Former Dodgers President Walter O’Malley. (Getty Images)
While O’Malley was battling Moses over stadium plans, the season continued. The Dodgers finished their final season with a record of 84 wins and 70 losses. The team finished in third place in the National League. Centerfielder Duke Snider was the bright spot for the Dodgers in the 1957 season. Snider batted .274 with 40 home runs and 92 RBIs. He also hit his 300th career home run on July 20th.
While the city of New York was not willing to accommodate the Dodgers, the city of Los Angeles was more than willing to be their new home. Los Angeles was offering O’Malley everything he wanted, a new Stadium with ample seating and more parking space than the Dodgers would ever need. The most important part of the offer was a city with leaders who were willing to work with the franchise to make them happy. Before the season was complete, it was official; the Dodgers were moving to California.
The Dodgers won their final game at Ebbets Field on September 24th. The Dodgers had many seasons where they did not enter the postseason. This season was different, and the fans could no longer look forward to next season. It was over and the city’s beloved team in blue was history. The loss of the Dodgers crushed Brooklyn’s heart when they left for Los Angeles and the city has never been the same since.
Brooklyn baseball fans vilified O’Malley for moving the team. Many of those fans did not know the politics of the move. Many years later, it became more clear that the city of New York did not help O’Malley keep the team in Brooklyn. O’Malley tried his hardest but it just was not enough, and he had to do what was best for the franchise. It has been 65 years since the Dodgers called Brooklyn home, but all of the old fans that grew up with them still consider the Dodgers their home team.
Posted in MLB, sports
Tagged 1913, 1957, american, atlantic parks, ballpark, baseball, battle, brooklyn, building commisioner, citi field, city, dodgers, duke snider, ebbets field, final, first season, flushing meadows, fund, funded, great, history, jackie robinson, last, leagues, los angeles, major league, manager, mayor, money, national league, new york city, privately, robert moses, season, section, shea stadium, stadium, tax payers, team, teams, walter o'malley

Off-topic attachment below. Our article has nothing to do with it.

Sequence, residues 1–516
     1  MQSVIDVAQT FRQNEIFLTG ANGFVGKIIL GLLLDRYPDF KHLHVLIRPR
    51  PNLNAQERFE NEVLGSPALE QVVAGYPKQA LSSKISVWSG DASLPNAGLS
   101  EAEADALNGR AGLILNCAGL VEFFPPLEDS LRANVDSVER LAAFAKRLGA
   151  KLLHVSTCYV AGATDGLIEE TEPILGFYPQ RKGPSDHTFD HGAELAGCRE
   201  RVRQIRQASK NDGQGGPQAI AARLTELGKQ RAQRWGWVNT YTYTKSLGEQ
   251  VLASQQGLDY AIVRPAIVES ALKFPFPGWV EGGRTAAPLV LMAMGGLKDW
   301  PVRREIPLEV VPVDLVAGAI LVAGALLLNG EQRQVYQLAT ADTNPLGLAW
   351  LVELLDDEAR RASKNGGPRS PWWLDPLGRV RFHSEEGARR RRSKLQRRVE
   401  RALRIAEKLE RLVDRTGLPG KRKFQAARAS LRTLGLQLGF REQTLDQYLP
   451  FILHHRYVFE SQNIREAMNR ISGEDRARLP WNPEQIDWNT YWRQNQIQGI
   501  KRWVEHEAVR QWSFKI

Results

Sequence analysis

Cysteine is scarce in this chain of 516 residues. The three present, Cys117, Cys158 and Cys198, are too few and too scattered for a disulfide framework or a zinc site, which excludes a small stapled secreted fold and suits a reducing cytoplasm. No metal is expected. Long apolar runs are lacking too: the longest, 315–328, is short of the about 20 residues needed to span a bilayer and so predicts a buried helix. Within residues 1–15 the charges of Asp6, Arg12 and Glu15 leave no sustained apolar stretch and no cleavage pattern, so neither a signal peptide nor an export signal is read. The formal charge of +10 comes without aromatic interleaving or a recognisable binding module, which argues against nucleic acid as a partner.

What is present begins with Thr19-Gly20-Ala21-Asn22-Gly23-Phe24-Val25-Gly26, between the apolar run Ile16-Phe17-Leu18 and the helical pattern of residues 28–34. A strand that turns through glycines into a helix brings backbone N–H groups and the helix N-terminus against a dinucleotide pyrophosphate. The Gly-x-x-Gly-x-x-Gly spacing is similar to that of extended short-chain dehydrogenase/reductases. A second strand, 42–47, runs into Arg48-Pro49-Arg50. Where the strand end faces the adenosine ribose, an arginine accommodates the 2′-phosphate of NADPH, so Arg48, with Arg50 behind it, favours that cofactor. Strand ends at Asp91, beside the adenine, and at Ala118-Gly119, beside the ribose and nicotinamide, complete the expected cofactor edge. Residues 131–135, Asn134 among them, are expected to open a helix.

Rough couple of games for the fish.
Photo by Andy Lyons/Getty Images
The biggest story up to this point of opening week has to be the story of the Miami Marlins and their lack of offense. They opened up their new stadium to much fanfare on Wednesday night, in a 4-1 loosing effort to the St. Louis Cardinals. The Marlins Ace Josh Johnson pitched well but not up to the level that is expected of this potential Cy Young pitcher. The reigning World Series MVP David Freese was the star of this game with 3 hits and 2 RBI’s in 5 visits to the plate. The Marlins then traveled to Cincinnati to play the Reds yesterday and loss 4-0. The Marlins new pitcher Mark Buehrle had a good outing but did not have the offense behind him to have any chance of succeeding in this game. Cincinnati dominated with the pitching of Cueto and the offensive power of players like Jay Bruce.
The bottom line after two games is that the Marlins offense has sucked! The entire team is batting below .200. The pitching is good but the team can’t succeed without the offense they are supposed to have. Hanley Ramirez and Mike Stanton have been the two biggest problems on offense so far. Neither player have reached base off a hit in a combined 16 plate appearances. They need to get it together quick or the team will be fighting to get back in the standings before April is over.
They have Friday off and will certainly be gathering themselves to play the Reds again on Saturday. The team has finally garnered the attention of the nation and has opened up like the Marlins of old. Time is precious and this team could get down in the dumps really quick. I feel the Marlins need to snap out of this 2 game slump and play like the playoff contenders they are. All of that money spent on free agents and new manager needs to be redeemed with wins. The wins must start Saturday night!
Posted in MLB
Tagged baseball, cardinals, Hanley Ramirez, Josh Johnson, marlins, Miami, MLB, opening day, reds, regular season, stadium, stanton